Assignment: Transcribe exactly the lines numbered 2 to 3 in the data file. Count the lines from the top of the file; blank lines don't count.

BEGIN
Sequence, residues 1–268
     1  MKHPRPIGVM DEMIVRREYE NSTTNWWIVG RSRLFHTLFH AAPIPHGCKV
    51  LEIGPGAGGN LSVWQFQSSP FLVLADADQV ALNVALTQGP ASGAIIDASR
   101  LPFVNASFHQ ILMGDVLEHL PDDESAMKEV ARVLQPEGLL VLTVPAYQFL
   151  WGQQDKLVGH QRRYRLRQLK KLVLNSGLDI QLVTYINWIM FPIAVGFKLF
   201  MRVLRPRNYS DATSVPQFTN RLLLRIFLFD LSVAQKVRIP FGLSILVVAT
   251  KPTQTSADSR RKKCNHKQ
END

     1  MKHPRPIGVM DEMIVRREYE NSTTNWWIVG RSRLFHTLFH AAPIPHGCKV
    51  LEIGPGAGGN LSVWQFQSSP FLVLADADQV ALNVALTQGP ASGAIIDASR